DOE also gave a number of readings recently with reading dates. Some of these DOE filter readings were turned around within 6 days. DOE does not say who is doing their filter readings. CEMRC mentioned they have 3 monitoring stations outside the plant grounds. On Sunday they pulled the small filter out of the monitoring station 6/10ths of a mile from the site. Using an ambient air sampler they found 500 CPM on filter. This converted down to 42 DPS (disintigrations per second) gross activity for the fiilter. Once processed in the lab the filter sample showed .64 bq of americium. The plutonium findings for this sample can be found here.
DOE admitted they have over 100 filter samples, smears, water, soil, air and vegetation samples. They gave no results and no turn around time for these tests. They did not say if these results would be made public.
Some other more important points made at the meeting:
- A CAM (continuous air monitor) detected in underground mine, at panel 7 exhaust, high alpha & beta activity. The exhaust duct is near the entryway into panel 7. They did not give an actual number for the reading and did not explain why they are not releasing CAM readings to the public, these do not require any laboratory analysis.
- Panel 7 was the “active” open set of rooms being filled but no loading was going on at the time of the incident.
- Levels are consistently decreasing underground, samples are taken at hour intervals. None of these readings have been made public.
- There were no personnel in the mine at the time of the event. There were not any active loading activities underway when the incident happened so no barrels or casks were in transit in the mine. Currently only essential personnel are on site, all others are working in offices in Carlsbad.
- There is currently no timeline for the reentry attempt into the mine.
- Nobody has received one of the free body scans since the incident, A number of people have booked appointments. These free scans have been available since the facility began operation.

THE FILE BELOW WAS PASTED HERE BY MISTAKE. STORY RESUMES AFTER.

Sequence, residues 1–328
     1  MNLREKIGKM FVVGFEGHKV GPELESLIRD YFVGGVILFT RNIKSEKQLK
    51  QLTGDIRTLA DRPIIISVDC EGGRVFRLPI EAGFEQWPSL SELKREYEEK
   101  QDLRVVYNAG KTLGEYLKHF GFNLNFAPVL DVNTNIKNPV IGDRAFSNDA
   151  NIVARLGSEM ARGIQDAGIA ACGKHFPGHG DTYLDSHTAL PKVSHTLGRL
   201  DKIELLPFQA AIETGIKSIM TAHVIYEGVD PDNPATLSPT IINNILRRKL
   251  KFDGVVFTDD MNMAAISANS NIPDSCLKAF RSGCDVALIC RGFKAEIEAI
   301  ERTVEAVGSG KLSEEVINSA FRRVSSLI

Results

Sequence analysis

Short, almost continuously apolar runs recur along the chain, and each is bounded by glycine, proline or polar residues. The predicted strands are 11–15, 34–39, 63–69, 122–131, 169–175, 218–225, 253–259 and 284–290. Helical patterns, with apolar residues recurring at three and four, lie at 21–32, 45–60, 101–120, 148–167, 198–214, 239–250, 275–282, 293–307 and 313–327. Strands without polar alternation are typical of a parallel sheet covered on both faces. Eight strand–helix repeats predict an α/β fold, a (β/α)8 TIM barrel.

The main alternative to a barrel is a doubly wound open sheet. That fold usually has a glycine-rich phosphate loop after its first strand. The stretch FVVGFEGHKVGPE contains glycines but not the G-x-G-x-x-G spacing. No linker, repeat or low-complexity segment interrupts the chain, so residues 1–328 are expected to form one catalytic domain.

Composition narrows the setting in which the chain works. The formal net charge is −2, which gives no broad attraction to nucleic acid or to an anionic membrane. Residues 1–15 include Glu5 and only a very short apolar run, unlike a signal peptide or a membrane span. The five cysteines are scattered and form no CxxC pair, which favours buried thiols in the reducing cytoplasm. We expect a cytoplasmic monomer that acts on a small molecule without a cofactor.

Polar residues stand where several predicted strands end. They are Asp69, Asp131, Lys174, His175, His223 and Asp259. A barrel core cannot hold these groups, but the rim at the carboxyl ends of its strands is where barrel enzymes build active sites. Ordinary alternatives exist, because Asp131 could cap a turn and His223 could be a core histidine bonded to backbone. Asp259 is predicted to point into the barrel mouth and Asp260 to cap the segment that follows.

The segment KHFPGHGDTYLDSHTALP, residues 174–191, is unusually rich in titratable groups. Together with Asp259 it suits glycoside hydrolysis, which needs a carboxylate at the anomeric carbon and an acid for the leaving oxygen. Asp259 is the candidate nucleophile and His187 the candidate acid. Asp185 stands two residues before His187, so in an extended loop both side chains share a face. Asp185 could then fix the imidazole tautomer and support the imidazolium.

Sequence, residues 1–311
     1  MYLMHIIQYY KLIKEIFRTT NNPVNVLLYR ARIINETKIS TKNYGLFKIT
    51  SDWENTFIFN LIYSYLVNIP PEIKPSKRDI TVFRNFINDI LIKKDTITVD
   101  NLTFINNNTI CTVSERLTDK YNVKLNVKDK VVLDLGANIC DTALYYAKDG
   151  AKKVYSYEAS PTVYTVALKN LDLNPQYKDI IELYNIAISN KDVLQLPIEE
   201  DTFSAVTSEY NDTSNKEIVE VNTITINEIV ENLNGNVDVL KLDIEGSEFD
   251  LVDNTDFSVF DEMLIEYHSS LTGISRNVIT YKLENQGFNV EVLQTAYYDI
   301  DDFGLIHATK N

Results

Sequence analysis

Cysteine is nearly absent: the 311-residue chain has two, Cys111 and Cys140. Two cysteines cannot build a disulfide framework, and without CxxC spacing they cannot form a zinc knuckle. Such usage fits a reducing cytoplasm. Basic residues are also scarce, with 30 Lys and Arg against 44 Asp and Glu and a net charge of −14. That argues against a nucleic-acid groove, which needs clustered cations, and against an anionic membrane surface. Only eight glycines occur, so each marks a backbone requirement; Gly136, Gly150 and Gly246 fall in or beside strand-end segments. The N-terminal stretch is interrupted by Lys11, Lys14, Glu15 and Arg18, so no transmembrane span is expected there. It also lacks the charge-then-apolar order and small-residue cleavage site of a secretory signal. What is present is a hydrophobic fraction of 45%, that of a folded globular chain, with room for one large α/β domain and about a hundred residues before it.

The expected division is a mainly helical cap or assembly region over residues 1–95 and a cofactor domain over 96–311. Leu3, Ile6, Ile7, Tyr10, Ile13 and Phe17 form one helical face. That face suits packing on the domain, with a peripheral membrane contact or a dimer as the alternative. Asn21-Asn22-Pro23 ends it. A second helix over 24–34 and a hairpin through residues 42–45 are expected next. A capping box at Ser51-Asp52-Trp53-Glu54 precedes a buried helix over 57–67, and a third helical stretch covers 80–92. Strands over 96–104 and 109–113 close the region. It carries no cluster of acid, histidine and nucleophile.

- Someone asked when and how the HEPA filters will be changed out. DOE only answered that they shut off one of the two trains while they exchange filters to prevent leaks to the outside. They admitted the filters were installed in 1999.
Some details about the February 5th fire:
- 86 people were in the mine during the fire.
- The distance between the fire and the active room was about 3000 feet
- Everyone was out in 37 minutes.
- 6 people had smoke inhalation, they were treated and released.
- Vents were shut down after evacuation to starve fire
- Mine rescue entered the mine to confirm fire was out and check conditions, some embers still there.
- A 2nd mine rescue team went in to make sure the fire was completely out. A small fire truck in the underground area with chemical fire extingishing went in to make sure fire was out. They did that and started one fan then the 2nd team came out. They established habitability (air clear, no fire) after fire.
- Fire investigation is ongoing. Accident investigators walked around entire mine after fire was confirmed out. The last day they entered was Feb 14.
The running theme in last night’s meeting was a lack of solid data from DOE. They repeatedly fell back on the filter processing excuse, ignoring already released readings, the admission of a total activity number and the known wide variety of other radiation data that is available right now but DOE refuses to make public, like CAMS data. It was a very sad state of affairs that even the community WIPP claims to partner with could not get those answers.